Master the Ultimate Midwestern Goodbye For the Holiday Season
We joke about it every single time I'm on the phone with my family - The Midwest Goodbye. It's not as simple as just saying "BYE," and hanging up the phone... it's a process, with multiple steps, and various paths to take, and can seem very strange to people who aren't from here.
So, when your family comes to visit in Michigan this year for the Holidays, it's best to give them the ultimate experience.
Step 1: Say Goodbye... but not really
If you're from New England, or the west coast (or even other countries), this should be the only step you'll need. But Michiganders and Midwesterners are just getting started.
This step usually starts with something like, "Well, it's getting kind of late, and we've got a big meeting tomorrow I should probably be ready for, so I think we're gonna get going."
This moment likely comes in a lull in a continuous string of small talk, typically after someone cracks a bad joke, everyone chuckles, and breathes a sigh as if they're thankful it's over... then a few moment of silence before the declaration.
BONUS POINTS: If you're sitting down, this is where you slap your knees or thighs before standing up. "Whelp... (slap leg)... we should probably get going..."
Step 2: Are You Sure?
If you're in a home where the host is also a Midwesterner, then this is the next logical step. If NOT, jump ahead to Step 3.
At this point, the host will say something to the extent of, "Oh, are you sure? Well, it's been good to see you, glad you were able to come..." and then the dagger.... "Tell (common friend or family member) we say hi!"
At this point, you'll proceed to update the host on everything that's happened in "common friend or family member's" life recently. "Oh, we will. They're (insert life event of common friend or family member.)"
This step should take between 10-15 minutes as you slowly shuffle to the kitchen to put up your glasses, or as you walk to the coat closet and start putting on your coats.
Step 3. The Doorway Goodbye
This might be the most awkward part of the Midwestern Goodbye. At this point, you should have your coats either in hand, or you're putting them on as you're at the front door. You and the host are continuing to talk about (common friend or family member) as you get ready to walk out the door.
"Alright, well we should probably get going..." you say as you grab the door handle to walk out. This is when most of the hugs or handshakes happen, too.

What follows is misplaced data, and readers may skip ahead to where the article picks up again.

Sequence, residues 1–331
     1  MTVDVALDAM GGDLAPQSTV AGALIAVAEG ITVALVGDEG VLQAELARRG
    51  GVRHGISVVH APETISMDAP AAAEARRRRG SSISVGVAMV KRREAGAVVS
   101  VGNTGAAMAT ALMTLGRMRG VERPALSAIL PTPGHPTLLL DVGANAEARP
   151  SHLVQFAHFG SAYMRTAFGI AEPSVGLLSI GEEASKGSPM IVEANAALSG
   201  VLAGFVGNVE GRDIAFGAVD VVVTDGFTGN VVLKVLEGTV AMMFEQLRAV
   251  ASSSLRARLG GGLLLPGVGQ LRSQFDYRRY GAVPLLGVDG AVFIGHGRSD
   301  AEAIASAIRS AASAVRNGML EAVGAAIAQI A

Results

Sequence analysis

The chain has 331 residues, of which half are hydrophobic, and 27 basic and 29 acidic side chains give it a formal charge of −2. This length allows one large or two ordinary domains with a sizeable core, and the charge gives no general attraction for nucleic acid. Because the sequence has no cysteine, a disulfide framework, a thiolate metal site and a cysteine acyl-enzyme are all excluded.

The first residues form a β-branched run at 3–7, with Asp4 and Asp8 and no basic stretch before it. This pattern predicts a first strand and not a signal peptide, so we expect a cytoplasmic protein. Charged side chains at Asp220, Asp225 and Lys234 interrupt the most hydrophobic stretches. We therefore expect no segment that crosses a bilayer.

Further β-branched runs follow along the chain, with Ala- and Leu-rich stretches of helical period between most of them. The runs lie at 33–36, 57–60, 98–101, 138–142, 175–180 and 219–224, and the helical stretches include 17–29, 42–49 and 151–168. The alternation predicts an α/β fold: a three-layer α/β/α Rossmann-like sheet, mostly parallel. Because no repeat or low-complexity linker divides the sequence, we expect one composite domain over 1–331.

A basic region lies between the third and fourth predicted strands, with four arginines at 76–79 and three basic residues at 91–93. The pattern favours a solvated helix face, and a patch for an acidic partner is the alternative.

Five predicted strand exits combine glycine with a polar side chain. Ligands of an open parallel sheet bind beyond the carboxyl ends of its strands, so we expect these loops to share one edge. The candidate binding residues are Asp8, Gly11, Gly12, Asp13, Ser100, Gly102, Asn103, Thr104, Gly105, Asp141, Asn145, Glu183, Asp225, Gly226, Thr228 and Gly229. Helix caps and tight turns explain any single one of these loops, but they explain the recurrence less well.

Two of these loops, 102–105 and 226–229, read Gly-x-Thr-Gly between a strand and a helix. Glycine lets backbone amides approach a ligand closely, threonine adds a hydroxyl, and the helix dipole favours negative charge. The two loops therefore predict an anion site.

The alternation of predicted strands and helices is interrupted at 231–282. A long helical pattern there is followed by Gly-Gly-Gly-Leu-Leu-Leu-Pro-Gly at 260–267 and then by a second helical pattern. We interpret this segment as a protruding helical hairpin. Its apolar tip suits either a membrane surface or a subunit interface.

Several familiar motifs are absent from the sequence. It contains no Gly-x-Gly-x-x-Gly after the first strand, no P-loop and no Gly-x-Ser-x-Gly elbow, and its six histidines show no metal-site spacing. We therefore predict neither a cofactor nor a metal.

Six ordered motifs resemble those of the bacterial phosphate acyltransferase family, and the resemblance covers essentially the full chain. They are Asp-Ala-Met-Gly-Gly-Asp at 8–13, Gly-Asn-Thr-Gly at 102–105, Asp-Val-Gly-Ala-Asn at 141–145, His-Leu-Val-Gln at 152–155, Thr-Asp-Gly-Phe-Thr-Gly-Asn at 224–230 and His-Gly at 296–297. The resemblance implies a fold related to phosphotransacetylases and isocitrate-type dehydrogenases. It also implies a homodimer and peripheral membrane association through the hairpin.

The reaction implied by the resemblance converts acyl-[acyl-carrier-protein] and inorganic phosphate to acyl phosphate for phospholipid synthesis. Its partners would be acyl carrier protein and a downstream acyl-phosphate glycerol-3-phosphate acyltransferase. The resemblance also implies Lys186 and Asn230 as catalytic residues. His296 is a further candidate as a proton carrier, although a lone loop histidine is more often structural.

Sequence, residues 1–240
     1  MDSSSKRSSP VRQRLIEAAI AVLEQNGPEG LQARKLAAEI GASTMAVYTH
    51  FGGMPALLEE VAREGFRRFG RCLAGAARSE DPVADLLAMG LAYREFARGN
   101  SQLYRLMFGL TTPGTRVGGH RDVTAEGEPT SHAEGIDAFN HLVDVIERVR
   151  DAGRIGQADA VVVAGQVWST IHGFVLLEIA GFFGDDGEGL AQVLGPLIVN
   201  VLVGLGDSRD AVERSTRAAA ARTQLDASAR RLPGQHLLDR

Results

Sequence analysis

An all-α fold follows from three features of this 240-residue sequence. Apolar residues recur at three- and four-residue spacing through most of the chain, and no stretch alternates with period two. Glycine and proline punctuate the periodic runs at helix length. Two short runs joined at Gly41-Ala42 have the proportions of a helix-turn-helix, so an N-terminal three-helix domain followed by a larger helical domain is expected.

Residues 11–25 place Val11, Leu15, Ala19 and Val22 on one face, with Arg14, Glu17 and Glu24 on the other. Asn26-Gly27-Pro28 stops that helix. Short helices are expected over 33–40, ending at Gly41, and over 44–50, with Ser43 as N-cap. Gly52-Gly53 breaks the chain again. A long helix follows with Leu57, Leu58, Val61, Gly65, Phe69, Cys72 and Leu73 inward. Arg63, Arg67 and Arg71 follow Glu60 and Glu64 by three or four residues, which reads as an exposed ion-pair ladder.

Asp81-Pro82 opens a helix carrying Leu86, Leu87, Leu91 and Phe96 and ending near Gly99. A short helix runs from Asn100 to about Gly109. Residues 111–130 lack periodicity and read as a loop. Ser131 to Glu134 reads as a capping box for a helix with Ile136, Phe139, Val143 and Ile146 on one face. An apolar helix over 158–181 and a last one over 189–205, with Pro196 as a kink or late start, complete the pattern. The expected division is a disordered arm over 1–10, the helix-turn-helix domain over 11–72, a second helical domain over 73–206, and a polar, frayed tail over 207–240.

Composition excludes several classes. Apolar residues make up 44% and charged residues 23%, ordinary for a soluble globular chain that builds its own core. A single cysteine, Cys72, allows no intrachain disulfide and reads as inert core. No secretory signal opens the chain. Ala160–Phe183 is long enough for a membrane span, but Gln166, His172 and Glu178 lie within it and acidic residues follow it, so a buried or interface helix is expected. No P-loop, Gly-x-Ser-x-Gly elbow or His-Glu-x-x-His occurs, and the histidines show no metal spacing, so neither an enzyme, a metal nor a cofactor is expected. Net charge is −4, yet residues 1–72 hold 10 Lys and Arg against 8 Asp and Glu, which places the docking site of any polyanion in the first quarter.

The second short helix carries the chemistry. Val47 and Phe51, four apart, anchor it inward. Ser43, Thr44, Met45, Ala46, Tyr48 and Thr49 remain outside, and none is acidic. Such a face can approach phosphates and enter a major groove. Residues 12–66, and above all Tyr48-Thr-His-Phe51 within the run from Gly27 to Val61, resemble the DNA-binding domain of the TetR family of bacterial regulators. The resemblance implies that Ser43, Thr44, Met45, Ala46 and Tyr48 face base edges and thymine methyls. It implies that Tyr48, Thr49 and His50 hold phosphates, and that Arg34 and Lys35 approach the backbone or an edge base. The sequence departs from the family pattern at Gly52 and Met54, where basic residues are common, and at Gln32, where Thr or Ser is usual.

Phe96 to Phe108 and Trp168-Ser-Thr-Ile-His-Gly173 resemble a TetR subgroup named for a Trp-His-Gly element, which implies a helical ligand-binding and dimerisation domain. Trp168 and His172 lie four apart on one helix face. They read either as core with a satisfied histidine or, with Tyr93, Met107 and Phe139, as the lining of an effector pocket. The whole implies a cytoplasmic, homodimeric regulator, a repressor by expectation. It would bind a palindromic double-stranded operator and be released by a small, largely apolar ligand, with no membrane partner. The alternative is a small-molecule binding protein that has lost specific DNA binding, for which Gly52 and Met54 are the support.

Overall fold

Then, either you, or the host, will mention something about an upcoming event, or gathering, and you'll both loosely make plans to attend together, OR, you'll "check the calendar."
This is another 5-10 minutes of awkwardly standing in the doorway. If it's cold outside, the host will likely walk out in front of the door (probably in their socks), and shut the door to keep the heat in. They'll cross their arms to keep warm, or stick their hands in their pockets, but continue the conversation.
Step 4: The Final Goodbye
FINALLY, the time has come, and you actually get to leave.
"OK, we'll see you next time." followed by a hand wave as you're walking to the car. You're still shouting things back and forth, but it's more in fragments at this point. Then, you finally turn your back to walk straight to the car, but your host is STILL at the front door... watching.
As you back out of the driveway, you wave back to them, and then one more time, as you put the car in drive to drive away, one last glance, and wave at them as they wave back, and turn to walk back inside.
This was explained to me by my grandfather once, as him "making sure we got on our way OK," which, when its described that way, it's actually very sweet.
All told, the Midwestern Goodbye could take anywhere from 10 minutes, to 45 minutes. Masterful Midwesterners can even draw it out to an hour.
To this day, phone conversations with my family will consist of about 45 minutes of actual phone conversation, followed by about 30 minutes of "goodbyes." Sometimes, we expedite the process, but there's still something kind of charming about the long, drawn-out goodbye of Michiganders, and in other parts of the midwest.
Just one last check to make sure we're getting on our way, OK.